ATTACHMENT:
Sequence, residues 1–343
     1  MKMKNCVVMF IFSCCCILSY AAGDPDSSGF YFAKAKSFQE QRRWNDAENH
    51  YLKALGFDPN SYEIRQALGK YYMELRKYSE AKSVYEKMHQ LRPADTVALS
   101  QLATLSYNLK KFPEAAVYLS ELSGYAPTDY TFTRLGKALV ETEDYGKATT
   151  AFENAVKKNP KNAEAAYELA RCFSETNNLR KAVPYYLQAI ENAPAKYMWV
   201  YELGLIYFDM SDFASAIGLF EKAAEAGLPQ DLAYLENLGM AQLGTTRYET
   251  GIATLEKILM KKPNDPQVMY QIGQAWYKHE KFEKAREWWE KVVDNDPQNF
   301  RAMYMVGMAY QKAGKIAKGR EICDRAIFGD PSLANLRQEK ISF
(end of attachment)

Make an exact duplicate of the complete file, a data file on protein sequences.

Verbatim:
Sequence, residues 1–343
     1  MKMKNCVVMF IFSCCCILSY AAGDPDSSGF YFAKAKSFQE QRRWNDAENH
    51  YLKALGFDPN SYEIRQALGK YYMELRKYSE AKSVYEKMHQ LRPADTVALS
   101  QLATLSYNLK KFPEAAVYLS ELSGYAPTDY TFTRLGKALV ETEDYGKATT
   151  AFENAVKKNP KNAEAAYELA RCFSETNNLR KAVPYYLQAI ENAPAKYMWV
   201  YELGLIYFDM SDFASAIGLF EKAAEAGLPQ DLAYLENLGM AQLGTTRYET
   251  GIATLEKILM KKPNDPQVMY QIGQAWYKHE KFEKAREWWE KVVDNDPQNF
   301  RAMYMVGMAY QKAGKIAKGR EICDRAIFGD PSLANLRQEK ISF